Asking for a pay rise can be stressful. Many of us wince at the prospect of talking about money, and placing a value on your workplace contribution can be tricky.
But the idea that women in particular shy away from these tough conversations has been challenged by new research. The report by the Cass Business School and the universities of Warwick and Wisconsin finds women are just as likely as men to ask for a pay rise. It also finds that they are less likely to get one.
The study found that men were 25% more likely than women to get a pay rise when they asked. It also dispelled the myth that women are reluctant to request a salary increase because they worry about their relationships with their managers and colleagues. The study was based on a 2013-14 survey of workplace relations in Australia that records which employees have asked for pay rises.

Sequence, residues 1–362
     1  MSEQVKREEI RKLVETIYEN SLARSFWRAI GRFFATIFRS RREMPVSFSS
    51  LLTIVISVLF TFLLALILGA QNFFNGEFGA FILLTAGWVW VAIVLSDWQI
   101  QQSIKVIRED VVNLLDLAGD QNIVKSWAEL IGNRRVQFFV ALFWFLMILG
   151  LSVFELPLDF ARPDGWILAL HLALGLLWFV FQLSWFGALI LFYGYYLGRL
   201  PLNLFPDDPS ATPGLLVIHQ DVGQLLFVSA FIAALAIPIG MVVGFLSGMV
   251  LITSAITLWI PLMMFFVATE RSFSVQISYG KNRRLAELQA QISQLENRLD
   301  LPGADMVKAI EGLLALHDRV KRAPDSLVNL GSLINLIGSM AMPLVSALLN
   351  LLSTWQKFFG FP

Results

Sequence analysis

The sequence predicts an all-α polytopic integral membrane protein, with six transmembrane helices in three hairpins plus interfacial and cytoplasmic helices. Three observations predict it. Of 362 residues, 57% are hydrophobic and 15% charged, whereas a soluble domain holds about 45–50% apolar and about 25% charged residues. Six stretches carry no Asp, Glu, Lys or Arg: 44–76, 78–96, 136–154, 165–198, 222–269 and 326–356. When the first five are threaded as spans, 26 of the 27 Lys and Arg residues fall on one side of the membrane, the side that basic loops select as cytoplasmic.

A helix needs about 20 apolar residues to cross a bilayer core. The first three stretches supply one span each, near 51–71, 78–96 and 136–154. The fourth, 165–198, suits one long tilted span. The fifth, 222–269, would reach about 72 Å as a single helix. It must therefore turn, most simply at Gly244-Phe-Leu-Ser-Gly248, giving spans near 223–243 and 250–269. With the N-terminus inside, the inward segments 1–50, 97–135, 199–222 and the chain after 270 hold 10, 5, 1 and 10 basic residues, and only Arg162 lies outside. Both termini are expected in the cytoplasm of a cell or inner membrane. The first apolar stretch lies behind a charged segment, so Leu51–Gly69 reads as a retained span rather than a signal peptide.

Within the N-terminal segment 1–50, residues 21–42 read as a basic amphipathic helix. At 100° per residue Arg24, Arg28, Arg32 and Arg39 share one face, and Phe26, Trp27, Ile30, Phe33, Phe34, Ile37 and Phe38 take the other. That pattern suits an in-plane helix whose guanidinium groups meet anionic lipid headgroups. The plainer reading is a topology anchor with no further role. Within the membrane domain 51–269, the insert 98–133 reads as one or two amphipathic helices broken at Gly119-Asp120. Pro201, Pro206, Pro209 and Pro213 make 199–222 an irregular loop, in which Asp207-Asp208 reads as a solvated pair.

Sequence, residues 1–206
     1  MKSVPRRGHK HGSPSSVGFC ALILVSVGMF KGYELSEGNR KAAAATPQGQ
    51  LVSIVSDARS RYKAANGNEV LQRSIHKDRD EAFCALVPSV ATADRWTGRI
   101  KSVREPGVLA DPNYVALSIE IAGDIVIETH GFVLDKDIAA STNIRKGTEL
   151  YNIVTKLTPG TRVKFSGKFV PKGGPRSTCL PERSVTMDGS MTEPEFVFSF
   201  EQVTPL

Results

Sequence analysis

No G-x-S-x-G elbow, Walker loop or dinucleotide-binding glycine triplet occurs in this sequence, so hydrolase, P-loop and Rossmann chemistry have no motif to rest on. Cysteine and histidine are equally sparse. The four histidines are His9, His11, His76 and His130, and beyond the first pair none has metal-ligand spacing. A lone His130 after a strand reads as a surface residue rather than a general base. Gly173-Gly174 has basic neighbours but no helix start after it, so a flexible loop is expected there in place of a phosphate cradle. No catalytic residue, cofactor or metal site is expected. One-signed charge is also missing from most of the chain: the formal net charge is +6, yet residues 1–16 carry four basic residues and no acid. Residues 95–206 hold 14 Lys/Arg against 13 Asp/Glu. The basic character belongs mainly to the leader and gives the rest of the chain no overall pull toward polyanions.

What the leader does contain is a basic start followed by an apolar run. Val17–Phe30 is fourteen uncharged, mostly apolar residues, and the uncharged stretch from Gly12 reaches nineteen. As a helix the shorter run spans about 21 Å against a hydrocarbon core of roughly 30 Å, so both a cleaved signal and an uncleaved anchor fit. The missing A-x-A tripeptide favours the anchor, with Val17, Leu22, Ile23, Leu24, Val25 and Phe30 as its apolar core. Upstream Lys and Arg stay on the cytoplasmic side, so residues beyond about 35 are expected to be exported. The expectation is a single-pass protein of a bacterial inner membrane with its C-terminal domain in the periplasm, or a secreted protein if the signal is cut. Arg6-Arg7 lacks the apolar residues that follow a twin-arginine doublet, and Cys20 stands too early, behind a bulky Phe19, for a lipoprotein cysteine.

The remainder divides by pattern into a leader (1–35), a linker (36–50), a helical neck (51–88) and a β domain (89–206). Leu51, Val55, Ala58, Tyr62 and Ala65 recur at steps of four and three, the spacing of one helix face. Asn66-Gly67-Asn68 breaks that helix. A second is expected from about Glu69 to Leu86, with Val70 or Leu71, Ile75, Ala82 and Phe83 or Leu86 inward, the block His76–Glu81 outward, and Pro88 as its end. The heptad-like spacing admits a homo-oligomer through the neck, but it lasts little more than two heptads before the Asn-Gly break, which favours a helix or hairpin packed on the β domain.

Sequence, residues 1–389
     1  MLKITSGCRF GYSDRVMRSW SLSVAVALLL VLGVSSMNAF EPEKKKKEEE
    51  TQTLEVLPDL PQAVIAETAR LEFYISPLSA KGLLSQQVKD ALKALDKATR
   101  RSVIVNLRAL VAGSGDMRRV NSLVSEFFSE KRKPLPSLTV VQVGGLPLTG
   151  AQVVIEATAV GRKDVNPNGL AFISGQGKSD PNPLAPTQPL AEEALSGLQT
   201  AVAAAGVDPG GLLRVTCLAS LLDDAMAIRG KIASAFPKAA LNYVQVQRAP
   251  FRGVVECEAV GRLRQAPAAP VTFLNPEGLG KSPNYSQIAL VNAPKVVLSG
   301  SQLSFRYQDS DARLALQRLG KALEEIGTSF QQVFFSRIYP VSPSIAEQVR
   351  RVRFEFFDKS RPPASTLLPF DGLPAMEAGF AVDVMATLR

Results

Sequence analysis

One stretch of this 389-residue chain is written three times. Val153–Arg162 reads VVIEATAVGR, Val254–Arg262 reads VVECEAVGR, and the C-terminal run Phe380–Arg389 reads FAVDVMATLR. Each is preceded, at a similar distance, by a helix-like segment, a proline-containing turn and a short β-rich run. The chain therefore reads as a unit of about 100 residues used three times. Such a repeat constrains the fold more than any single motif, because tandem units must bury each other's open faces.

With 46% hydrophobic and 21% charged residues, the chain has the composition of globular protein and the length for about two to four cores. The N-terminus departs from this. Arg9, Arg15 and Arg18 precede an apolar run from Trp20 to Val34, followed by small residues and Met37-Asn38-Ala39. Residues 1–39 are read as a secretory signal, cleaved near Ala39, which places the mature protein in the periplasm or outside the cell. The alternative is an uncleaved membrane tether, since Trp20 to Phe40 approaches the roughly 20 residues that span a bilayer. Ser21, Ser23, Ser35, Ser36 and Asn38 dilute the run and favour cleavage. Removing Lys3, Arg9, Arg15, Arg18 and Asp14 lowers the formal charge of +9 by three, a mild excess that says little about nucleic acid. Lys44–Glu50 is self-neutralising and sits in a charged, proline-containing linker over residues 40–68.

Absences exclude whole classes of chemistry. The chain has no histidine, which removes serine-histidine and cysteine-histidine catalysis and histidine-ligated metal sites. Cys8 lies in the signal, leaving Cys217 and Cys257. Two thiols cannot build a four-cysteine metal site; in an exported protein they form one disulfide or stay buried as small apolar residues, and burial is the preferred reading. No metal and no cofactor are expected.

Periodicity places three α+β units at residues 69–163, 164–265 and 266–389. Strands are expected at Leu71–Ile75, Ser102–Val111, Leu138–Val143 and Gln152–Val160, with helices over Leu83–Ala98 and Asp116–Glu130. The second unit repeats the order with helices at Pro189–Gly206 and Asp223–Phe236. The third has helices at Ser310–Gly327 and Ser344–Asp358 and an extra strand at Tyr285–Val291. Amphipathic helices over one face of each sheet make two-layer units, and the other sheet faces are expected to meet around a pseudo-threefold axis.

One of the researchers, Professor Andrew Oswald from the University of Warwick, says the findings support the existence of bias against women in the workplace. “Having seen these findings, I think we have to accept that there is some element of pure discrimination against women,” he told the BBC.
The gender pay gap
The gap between women and men securing a pay rise when they ask for an increase is one factor in the disparity between men and women’s overall remuneration. The 2015 Global Gender Gap Report shows the extent of the pay gap between men and women.
In 2006, men were earning on average $5,000 more than women. By 2015 that gap had doubled to $10,000. The Global Gender Gap Report shows a quarter of a billion women have entered the global workforce since 2006 but they are only earning on average what men did 10 years ago.
Younger workers close the gender gap
This latest study did identify one positive trend. The study found that in workers below the age of 40, there was no difference between women and men when it came to asking for and receiving a pay rise. The researchers concluded that this could lead to a shrinking in the gender pay gap as these younger women progress through their careers.
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